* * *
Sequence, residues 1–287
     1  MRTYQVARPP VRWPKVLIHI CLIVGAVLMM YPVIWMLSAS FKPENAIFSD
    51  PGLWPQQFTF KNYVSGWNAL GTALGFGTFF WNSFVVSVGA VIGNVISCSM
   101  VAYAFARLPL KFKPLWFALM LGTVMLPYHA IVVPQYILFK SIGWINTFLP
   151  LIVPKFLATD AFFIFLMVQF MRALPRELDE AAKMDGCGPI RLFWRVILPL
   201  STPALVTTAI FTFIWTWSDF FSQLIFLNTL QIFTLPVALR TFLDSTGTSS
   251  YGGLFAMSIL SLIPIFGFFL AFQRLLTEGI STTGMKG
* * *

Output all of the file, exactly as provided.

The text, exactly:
Sequence, residues 1–287
     1  MRTYQVARPP VRWPKVLIHI CLIVGAVLMM YPVIWMLSAS FKPENAIFSD
    51  PGLWPQQFTF KNYVSGWNAL GTALGFGTFF WNSFVVSVGA VIGNVISCSM
   101  VAYAFARLPL KFKPLWFALM LGTVMLPYHA IVVPQYILFK SIGWINTFLP
   151  LIVPKFLATD AFFIFLMVQF MRALPRELDE AAKMDGCGPI RLFWRVILPL
   201  STPALVTTAI FTFIWTWSDF FSQLIFLNTL QIFTLPVALR TFLDSTGTSS
   251  YGGLFAMSIL SLIPIFGFFL AFQRLLTEGI STTGMKG